So what’s all the fuss with solar power gross or net feed in tariffs? Here in Australia and especially on the Gold Coast we are perfectly situated to take full advantage of the power constantly being produced by the sun. Solar power systems are connected to your properties switch board and then to the electricity grid through an electricity meter to allow feed in of solar power to the power grid. This is done through one of two type of solar power feed in tariffs – a gross feed in tariff or a net feed in tariff.

Solar Power Gross Feed in Tariffs

Solar power gross feed in tariffs work by connecting a solar power system in such a way that all the solar power that you produce is fed through an electricity meter BEFORE any of that solar power is consumed inside the house. From there the solar power produced can either be fed back into your property to power any loads which are consuming power at the time or it will be fed back into the power grid to be used somewhere down the street. In Queensland a gross feed in tariff is available but I would not recommend it as your electricity retailers will only pay a very low rate for your solar power: whilst they will very happily charge you a much larger rate for power that you consume! NSW did have a gross solar power feed in tariff in place of 60c per kWh – this was an amazing offer but was not sustainable, the NSW government has since dropped its feed in tariff all together.

Solar Power Net Feed in Tariffs

Solar power net feed in tariffs work by connecting your solar power system in such a way that the power that you produce feeds straight into your switchboard and to any loads that you have in use at the time. This is great as it means instead of taking power from the street during the day your power comes from your solar panels first, then if you require any extra power you just take that from the street as normal. If you are in a situation where you are producing more solar power than you are using at any given time then this surplus solar power will be sent back through your electricity meter and out to the power grid. This surplus power is your “net feed in” solar power. Queensland electricity retailers used to pay 44c per kWh for your net feed in tariff, however that has now dropped down to 8c per kWh and from the 30th July 2014 it will drop down to zero cents, however selected electricity retailers will pay a net solar feed in tariff out of their own pockets.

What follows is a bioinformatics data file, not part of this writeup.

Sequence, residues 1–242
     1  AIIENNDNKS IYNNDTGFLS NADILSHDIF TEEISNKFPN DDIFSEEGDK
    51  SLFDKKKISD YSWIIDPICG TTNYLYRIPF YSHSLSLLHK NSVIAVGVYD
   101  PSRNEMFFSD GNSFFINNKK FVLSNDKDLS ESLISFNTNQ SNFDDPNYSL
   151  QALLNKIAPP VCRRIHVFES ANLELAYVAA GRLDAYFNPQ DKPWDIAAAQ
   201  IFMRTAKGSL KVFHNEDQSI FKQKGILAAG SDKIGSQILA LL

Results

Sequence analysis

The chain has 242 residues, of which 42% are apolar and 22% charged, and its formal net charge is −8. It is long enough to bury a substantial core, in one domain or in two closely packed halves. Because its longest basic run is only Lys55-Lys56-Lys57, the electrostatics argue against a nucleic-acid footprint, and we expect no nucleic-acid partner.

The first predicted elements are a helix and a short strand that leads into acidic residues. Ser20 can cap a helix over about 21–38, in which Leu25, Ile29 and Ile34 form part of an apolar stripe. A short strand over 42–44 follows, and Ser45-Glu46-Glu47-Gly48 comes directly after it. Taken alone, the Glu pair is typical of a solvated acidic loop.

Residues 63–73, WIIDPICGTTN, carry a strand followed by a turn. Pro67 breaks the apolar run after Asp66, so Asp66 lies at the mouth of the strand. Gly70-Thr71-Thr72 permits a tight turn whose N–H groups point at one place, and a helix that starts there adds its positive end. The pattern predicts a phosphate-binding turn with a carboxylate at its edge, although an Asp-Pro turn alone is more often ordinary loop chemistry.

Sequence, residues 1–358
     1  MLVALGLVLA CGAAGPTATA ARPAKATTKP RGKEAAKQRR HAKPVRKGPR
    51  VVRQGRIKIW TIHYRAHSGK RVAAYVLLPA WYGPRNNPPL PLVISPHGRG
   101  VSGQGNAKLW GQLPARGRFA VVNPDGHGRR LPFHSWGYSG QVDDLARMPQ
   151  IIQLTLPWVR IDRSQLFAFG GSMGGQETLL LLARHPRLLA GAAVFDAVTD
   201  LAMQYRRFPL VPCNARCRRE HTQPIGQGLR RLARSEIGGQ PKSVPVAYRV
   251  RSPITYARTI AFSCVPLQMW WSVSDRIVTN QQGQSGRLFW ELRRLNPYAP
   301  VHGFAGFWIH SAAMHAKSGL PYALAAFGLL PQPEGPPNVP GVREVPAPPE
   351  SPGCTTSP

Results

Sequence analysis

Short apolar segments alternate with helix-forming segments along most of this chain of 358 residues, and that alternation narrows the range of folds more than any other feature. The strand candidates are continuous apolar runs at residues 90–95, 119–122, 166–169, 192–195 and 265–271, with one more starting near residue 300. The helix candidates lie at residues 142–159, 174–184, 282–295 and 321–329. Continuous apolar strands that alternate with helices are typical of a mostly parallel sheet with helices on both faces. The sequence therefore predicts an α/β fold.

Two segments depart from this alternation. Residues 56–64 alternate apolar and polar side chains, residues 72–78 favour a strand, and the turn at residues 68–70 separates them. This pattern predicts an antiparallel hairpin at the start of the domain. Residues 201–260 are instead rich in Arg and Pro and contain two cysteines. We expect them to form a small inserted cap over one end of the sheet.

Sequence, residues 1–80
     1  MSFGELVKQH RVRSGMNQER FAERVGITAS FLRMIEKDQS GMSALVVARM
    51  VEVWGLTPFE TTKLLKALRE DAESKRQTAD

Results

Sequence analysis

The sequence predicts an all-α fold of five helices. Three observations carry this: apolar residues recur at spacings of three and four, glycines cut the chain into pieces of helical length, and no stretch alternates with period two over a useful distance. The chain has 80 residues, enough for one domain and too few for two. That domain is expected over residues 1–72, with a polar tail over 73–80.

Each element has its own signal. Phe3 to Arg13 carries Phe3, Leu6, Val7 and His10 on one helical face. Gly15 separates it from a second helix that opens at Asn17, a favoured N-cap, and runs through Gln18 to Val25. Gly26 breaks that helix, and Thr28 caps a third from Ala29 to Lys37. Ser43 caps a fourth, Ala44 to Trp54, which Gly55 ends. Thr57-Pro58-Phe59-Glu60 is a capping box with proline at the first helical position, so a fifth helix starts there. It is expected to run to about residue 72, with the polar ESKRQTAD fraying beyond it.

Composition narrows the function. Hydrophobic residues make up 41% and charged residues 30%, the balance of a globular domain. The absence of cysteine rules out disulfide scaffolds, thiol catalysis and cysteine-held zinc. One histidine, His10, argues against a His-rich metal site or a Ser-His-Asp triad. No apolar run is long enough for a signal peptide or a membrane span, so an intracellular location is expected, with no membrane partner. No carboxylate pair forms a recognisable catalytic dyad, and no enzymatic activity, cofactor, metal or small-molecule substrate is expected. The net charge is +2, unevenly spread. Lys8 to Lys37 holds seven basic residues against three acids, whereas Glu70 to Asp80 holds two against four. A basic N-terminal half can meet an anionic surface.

With the current low rate being paid for any surplus solar power on a net feed in tariff of 8c per kWh by Queensland electricity retailers you are best to try and size a solar power system around your day time power consumption. For tips on how to make a solar power feed in tariff work for you please click on the following links.

Making the most of the 8c solar power net feed in tariff

What size solar power system is best for you?

Solar Power Gross or Net Feed in Tariff?
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3 thoughts on “Solar Power Gross or Net Feed in Tariff?

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    September 25, 2008 at 4:15 pm

    good site gxrkno

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    January 6, 2009 at 2:27 am

    Even though the energy retailer is only gives the same rate as what they charge, I’m not sure that it’s a pointless exercise. It may be better than the upfront and ongoing costs of batteries and associated equipment to store power for night-time use. You don’t need batteries if you’re grid connected. ALthough, I’m not sure what the grid connection costs are. ALthough, it would be satisfying to go off grid completely (with batts for nighttime) and then you wouldn’t have to pay their meterman, activation fees, billing charges and all that crap.
    Have a generator or some source of power for backup in case you get no sun for ages. Shit-fed TEG? 🙂 I like how you can make money buy returning excess under the home solar arrangement thingo if you’re in the right state.

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    January 7, 2009 at 6:09 pm

    It is a nice thought to be totally independant from the grid, but the reality is it is a very un-economical option if the gird is available to you. This is due to the fact that large battery banks as required in stand alone systems cost thousands of dollars, and only have a life span of 10 to 15 years.

    Grid connect solar power is the best of both worlds – solar power used during the day with any excess power fed to the grid – and at 44c per kWh, which you just buy back again at a standard tariff rate after dark!

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